When my husband first had his stroke, my prayer was that God would use this event to glorify His name and further His kingdom. As the days wore on, that prayer changed to something along the lines of, “Please don’t let me do anything to bring scorn to Your name.” And then it progressed to, “Please, God, help me through this day”, and then to, “Please, God!” and then to, “Goooooood!” and then to something like, “ghlghlghl” I don’t know how long I stayed at “ghlghlghl” it seemed like a long time, and worse than that, it seemed like it would be for the rest of my life. I relied heavily on the Great High Priest to make intercession for me (Hebrews 7:25). I relied heavily on the Holy Spirit to take my groanings and make them into intercession according to the will of God (Romans 8:26-27). I relied heavily on the prayers of the body of Christ, both local and universal. The prevailing theme of every conversation at this time was, “I am just so tired!”
In an attempt to encourage me, a friend suggested that, as in Job’s life, God was saying at this moment, “Have you seen my servant Deanna?…” I replied, “OK, as long as that isn’t because he has lost track of me.” She said it was good that I still had my sense of humor. I let her think that’s what it was. It was dark, and it was hard, and yet there was nothing to do but go on. My friend, Kathy wrote the following about her adjustment to Africa. I have to say she is “strummin’ my pain”:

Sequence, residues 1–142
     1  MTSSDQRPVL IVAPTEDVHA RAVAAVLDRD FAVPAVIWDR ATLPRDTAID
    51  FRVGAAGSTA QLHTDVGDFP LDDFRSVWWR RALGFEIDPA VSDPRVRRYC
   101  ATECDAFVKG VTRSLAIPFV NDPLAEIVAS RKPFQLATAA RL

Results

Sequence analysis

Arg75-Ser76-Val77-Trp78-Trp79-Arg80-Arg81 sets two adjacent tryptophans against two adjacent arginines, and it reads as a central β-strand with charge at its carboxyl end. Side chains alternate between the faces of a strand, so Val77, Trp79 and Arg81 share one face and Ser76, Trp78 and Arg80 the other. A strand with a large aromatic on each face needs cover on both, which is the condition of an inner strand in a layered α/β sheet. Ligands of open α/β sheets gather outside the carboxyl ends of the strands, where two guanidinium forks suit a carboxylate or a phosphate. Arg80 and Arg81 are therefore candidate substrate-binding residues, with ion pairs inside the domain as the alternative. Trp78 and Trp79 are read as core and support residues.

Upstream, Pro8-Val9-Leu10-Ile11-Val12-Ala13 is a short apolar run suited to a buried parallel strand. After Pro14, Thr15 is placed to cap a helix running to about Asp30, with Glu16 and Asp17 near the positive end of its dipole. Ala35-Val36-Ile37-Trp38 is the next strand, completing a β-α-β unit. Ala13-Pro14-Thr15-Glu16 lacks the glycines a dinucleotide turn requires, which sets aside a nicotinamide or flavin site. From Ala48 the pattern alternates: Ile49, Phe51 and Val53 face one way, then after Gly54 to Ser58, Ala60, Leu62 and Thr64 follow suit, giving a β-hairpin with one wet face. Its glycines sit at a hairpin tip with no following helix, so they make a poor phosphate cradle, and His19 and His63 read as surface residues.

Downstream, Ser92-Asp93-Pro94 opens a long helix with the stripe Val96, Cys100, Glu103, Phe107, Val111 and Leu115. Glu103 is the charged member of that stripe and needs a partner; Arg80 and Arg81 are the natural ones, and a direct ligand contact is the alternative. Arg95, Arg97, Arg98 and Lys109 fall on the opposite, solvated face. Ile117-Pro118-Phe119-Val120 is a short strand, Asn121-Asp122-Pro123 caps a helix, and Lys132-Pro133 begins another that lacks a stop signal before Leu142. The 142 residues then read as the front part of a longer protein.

“Time, the evil genius, diced my days into endless little seconds, and simultaneously morphed them into a large unrecognizable blob. I no longer pled for escape; I just existed… Hour followed hour, day followed day. Time crept. It barely moved. But in the end -it did pass. Like a scalpel, slicing and scarring, but finally healing, the days turned into weeks, and Time slowly peeked into my shell and coaxed me out. Emerging bit by bit but still unaware, I was startled one day when I suddenly noticed the light. When had this happened? When did I stop crying? Suddenly, jokes were funny again, and boys were cute. An orange sun seeping across the great Rift Valley was stunning, and freshly-picked pineapples were ridiculously sweet. The pain wasn’t gone, but it wasn’t gutting me anymore either.”
Much like Kathy experienced, I have found that the passage of time has brought me to a place above that of mere survival. Life has a flow to it now. While I have not seen the kind of recovery I would have liked in Strokeman, there has been enough return to keep me from total exhaustion. Enough for me to be able to contemplate what has changed in me. So much, in fact, that when someone referred to my suffering the other day, I was kind of caught by surprise. Oh! am I suffering? Hmm, maybe not so much any more. Or maybe, I have just learned to put things in their proper place a little bit better.